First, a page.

Psalm 23 is not exactly about shepherds or sheep. It is a royal psalm about King YHWH and his covenant relationship with the Davidic king, and it speaks powerfully to me as I journey through cancer treatment.

The Lord has brought Psalm 23 to my attention repeatedly over the course of the summer, as I have been in chemo treatments for Leukemia. Numerous songs on my playlist quote it or allude to it. Many of my friends have referred to it in their cards of encouragement, and it just seems to pop up “coincidentally” wherever I am looking. One colleague who visited me at the hospital even recited it to me in Hebrew, which incidentally, inspired me to commit it to memory in Hebrew while I am spending months in the hospital. 

As I have read the psalm repeatedly for memorization, I have thought afresh about the historical-cultural referents, and I have concluded that it is not exactly about shepherds or sheep. I mean no disrespect to Phillip Keller who famously wrote A Shepherd Looks at Psalm 23 (Zondervan, 1970), but from an ancient Near Eastern perspective, I would argue that Psalm 23 is about King YHWH and His covenant relationship to the Davidic king. Let me explain my fresh understanding in this brief commentary, quoting from the ESV translation.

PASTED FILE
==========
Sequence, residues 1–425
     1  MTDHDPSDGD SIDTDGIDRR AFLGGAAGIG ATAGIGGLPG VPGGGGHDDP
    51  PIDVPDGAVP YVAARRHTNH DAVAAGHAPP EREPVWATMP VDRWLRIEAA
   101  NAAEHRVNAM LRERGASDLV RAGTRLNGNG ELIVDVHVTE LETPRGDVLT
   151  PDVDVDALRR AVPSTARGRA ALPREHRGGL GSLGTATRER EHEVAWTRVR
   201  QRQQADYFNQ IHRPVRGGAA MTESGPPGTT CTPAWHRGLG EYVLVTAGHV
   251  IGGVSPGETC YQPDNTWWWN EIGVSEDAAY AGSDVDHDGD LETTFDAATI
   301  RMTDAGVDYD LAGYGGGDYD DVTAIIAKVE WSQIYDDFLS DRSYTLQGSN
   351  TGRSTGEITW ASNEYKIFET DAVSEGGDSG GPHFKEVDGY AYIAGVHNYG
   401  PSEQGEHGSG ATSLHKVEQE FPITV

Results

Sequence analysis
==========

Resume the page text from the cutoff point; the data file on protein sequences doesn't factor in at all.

Ramses II holding a shepherd’s crook
Ramses II holding a shepherd’s crook

1 The LORD is my shepherd; I shall not want.

Kings all over the ancient Near East—from Egypt to Mesopotamia—in various time periods portray themselves as “shepherds” (e.g. see the depiction of Ramses II with shepherd’s crook).[1] Shepherding is a well-established metaphor for kingship. When human kings used the metaphor, no one assumed that the king had actual, literal experience with sheep in the pasture. That is because it is a metaphor! (King David’s literal experience as a shepherd is not the norm; David is the exception to this rule.) Here in the opening verse, David calls the LORD “my Shepherd,” and if we interpret that in its historical-cultural context, we must understand that the psalm is affirming YHWH’s kingship.

2 He makes me lie down in green pastures. He leads me beside still waters.

3 He restores my soul. He leads me in paths of righteousness for his name's sake.